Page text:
For the second time in two weeks, a writer who made a significant impact on me has died. I just heard on the radio that David Halberstam was killed in an automobile accident this morning in Menlo Park, California. As a reporter with the New York Times, Halberstam won a Pulitzer Prize in 1964 for his reporting on the Vietnam War. He is perhaps best remembered for his 1972 book “The Best and the Brightest,” which examined the decision making process that led the Kennedy administration into that ill-fated war.
Between 1981 and 2005 he published thirteen books, seven of which covered sports subjects. The most notable of them was his 1999 work, “Playing for Keeps: Michael Jordan and the World He Made.” Halberstam examined the impact that the hoops star had both on and off the court, detailing how Jordan had not only changed the game but invented “the idea of the individual player as a commercial superstar”
Halberstam’s sports books used the games as a backdrop against which to examine issues of culture, race, and history. In that respect, his sports books weren’t all that different from his books on politics and American history. He never argued that the games or the players were important per se, but that they reflected the society in which they took place. Their inherent value had little to do with sport, and in that way, Halberstam helped to provide a new context for examining the players and coaches of our era.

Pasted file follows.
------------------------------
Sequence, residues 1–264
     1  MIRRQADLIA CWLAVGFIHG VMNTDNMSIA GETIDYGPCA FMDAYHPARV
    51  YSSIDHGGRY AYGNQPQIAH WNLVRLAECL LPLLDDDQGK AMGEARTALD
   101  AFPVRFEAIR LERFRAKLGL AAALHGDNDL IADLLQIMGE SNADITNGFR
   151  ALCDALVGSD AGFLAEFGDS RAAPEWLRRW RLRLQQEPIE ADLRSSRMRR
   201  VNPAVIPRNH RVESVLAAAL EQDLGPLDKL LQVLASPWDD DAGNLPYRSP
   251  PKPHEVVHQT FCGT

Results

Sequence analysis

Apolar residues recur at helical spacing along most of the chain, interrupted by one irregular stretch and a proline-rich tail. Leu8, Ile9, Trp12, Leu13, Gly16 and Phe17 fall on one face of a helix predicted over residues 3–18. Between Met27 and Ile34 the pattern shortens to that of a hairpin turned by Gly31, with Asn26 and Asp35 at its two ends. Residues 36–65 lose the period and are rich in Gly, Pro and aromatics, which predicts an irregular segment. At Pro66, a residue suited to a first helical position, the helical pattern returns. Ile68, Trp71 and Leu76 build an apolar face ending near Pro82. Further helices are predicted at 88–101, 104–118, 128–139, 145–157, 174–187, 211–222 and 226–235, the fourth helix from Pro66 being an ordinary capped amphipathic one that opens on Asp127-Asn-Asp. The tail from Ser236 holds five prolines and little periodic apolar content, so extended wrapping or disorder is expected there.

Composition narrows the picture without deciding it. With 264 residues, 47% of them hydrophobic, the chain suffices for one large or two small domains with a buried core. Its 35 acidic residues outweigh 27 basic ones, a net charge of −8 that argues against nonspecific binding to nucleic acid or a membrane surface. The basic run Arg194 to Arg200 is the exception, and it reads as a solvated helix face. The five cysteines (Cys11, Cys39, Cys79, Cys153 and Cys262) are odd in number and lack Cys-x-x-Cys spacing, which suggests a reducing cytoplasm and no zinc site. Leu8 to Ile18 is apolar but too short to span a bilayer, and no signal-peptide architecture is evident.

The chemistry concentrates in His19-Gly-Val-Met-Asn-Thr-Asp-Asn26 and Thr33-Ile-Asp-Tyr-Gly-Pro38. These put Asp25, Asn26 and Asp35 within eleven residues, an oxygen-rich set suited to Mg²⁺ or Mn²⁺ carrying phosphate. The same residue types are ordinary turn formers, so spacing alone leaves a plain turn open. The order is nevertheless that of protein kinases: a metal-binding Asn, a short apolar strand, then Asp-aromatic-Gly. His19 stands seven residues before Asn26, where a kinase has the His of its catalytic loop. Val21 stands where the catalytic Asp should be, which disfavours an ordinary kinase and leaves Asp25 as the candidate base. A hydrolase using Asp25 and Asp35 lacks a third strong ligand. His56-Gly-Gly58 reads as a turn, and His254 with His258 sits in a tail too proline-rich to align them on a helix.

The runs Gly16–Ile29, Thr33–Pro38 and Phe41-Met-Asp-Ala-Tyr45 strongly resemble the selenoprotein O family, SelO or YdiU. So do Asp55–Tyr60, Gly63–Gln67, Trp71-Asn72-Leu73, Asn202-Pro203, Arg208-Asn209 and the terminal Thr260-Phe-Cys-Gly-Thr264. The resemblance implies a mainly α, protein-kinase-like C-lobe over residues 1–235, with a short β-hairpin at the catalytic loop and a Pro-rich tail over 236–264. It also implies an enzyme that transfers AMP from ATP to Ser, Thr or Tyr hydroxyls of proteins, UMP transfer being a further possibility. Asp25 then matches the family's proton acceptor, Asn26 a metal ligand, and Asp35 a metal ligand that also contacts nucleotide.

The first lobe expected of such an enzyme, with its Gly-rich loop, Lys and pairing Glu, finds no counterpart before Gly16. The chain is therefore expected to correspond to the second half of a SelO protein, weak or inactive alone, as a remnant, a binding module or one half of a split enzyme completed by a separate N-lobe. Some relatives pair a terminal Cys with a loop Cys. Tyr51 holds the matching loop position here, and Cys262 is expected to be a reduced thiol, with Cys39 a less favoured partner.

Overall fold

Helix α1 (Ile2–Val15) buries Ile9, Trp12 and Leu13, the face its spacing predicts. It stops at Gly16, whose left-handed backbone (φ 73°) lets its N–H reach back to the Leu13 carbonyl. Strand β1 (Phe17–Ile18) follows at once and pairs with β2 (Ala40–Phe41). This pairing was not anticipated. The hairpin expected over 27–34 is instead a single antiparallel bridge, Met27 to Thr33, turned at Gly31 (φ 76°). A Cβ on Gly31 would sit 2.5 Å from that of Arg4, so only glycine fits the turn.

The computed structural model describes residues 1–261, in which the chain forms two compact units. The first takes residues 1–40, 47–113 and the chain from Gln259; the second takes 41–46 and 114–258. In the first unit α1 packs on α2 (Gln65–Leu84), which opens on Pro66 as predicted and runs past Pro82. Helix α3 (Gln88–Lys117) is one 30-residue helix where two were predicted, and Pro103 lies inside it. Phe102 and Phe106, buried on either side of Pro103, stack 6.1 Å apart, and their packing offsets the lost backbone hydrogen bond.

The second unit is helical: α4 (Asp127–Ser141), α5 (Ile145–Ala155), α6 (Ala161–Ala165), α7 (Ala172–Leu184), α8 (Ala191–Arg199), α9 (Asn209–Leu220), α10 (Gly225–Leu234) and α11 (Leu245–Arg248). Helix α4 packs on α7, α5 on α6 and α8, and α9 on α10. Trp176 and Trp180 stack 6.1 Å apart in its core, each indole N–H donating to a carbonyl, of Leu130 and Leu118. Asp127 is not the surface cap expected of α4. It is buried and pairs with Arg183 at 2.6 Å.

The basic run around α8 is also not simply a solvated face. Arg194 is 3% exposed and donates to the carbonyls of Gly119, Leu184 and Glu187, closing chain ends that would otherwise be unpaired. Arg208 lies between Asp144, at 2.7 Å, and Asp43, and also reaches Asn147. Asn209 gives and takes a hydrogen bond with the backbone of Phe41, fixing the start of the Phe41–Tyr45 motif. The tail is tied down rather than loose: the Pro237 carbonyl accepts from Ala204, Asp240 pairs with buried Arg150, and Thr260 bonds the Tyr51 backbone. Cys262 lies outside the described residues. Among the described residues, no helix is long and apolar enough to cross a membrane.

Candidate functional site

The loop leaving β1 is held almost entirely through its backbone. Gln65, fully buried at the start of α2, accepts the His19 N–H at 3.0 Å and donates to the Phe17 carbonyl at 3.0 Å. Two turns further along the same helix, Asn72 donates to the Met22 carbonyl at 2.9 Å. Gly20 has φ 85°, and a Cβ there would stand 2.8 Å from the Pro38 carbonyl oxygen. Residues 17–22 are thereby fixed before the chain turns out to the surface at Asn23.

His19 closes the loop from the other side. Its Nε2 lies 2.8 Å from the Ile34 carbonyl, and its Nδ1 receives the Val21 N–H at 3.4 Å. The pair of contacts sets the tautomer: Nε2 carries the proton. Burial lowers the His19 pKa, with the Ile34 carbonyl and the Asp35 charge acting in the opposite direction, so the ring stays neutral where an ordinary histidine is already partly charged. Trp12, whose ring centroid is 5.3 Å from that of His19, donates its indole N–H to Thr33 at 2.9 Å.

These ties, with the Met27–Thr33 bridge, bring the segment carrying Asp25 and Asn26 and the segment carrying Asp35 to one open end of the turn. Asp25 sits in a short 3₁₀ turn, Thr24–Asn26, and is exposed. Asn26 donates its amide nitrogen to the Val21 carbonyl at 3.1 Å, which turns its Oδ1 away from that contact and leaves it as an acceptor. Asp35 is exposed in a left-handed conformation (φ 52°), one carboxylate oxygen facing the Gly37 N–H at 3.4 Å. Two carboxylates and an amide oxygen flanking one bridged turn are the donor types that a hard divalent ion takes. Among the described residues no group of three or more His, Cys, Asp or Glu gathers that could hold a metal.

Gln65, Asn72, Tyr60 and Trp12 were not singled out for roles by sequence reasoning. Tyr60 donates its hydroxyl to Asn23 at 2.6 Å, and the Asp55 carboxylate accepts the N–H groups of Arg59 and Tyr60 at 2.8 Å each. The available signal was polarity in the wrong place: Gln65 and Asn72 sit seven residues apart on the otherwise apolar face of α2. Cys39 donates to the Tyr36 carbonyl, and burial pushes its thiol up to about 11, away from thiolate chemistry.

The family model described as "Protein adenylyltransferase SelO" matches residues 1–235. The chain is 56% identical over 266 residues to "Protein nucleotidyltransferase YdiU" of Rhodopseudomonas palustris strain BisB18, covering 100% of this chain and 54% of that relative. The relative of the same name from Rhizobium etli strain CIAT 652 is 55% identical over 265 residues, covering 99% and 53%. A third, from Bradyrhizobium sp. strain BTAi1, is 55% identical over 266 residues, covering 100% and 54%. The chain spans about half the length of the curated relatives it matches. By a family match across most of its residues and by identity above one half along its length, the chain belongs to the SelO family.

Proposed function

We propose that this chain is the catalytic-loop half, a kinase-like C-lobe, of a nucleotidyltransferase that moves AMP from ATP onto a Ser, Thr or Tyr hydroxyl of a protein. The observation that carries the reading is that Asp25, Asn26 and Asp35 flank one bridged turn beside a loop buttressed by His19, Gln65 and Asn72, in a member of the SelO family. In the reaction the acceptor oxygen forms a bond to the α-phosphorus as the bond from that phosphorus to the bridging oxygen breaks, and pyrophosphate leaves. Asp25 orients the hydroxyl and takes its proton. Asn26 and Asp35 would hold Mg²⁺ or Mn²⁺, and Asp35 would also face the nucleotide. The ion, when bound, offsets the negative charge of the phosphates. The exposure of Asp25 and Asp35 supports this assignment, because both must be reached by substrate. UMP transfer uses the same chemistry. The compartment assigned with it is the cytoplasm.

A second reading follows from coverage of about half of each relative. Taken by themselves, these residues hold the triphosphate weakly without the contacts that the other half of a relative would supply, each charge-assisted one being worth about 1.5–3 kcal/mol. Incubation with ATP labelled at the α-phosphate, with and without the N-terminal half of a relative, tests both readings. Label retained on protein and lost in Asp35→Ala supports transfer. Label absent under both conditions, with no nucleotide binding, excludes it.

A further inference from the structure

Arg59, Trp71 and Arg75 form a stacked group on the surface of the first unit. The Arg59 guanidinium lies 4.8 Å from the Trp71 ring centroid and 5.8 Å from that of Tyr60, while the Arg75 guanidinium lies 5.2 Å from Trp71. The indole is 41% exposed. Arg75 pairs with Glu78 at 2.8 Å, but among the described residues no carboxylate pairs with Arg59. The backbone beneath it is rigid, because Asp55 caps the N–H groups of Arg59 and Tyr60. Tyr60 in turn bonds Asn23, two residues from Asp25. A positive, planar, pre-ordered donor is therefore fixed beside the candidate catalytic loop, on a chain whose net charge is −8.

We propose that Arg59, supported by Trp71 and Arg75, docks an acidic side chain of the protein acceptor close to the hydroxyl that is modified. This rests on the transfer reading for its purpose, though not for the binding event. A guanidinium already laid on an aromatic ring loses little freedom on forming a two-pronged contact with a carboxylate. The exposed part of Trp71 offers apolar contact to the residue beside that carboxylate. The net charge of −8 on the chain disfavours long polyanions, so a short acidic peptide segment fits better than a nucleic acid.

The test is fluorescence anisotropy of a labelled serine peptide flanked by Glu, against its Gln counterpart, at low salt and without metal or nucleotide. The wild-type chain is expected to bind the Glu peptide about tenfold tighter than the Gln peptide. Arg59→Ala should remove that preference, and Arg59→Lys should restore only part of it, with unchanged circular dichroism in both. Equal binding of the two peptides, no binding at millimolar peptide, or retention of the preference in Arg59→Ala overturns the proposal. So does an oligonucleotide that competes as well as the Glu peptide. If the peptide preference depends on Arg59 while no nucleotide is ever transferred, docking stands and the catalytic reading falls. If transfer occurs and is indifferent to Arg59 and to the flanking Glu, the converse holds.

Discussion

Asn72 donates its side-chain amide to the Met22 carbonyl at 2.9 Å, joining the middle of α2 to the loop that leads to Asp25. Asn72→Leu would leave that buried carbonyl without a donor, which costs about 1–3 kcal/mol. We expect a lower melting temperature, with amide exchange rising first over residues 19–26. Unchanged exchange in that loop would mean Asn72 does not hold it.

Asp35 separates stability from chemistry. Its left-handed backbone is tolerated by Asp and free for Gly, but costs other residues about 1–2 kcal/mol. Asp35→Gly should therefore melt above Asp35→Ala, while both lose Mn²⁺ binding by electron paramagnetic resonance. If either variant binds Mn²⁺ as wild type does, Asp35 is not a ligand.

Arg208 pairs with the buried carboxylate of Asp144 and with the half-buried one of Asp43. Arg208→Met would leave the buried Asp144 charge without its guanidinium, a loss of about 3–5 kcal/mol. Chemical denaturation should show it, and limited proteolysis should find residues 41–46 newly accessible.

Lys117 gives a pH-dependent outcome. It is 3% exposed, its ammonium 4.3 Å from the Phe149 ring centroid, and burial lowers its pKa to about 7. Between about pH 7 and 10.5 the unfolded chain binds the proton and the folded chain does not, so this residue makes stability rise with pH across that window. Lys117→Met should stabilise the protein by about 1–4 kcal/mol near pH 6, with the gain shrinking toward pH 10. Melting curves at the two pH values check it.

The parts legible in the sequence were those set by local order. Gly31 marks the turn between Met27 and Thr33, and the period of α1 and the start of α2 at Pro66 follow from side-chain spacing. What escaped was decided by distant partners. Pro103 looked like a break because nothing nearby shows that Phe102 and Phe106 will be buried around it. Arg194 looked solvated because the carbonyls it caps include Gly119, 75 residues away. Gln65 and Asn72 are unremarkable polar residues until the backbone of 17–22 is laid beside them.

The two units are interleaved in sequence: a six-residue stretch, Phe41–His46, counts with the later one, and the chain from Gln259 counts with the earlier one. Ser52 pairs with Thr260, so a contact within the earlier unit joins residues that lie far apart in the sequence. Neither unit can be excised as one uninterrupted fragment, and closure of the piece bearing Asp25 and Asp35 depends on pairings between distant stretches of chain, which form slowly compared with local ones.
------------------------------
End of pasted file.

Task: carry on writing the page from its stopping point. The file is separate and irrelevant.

For most Americans, sports exist in a vacuum. You either immerse yourself as a fan, or they don’t register on your radar. Halberstam was able to speak to both audiences in a meaningful and entertaining way.
I think my favorite was “The Teammates,” his next to last book. It told the story of how three friends went to visit a fourth friend who was dying. All of the men were in their early 80s, and the 1,300 mile drive from Massachusetts to Florida gave each a chance to reminisce about their lives together and apart. The dying man was Hall of Fame slugger Ted Williams, and the three friends were his teammates with the Boston Red Sox, Dom DiMaggio, Johnny Pesky, and Bobby Doerr. Even if you didn’t know who those four men were, it doesn’t matter. The story is less about baseball than friendship.
That was the secret to Halberstam’s success as a writer, I think. He always knew what the real story was.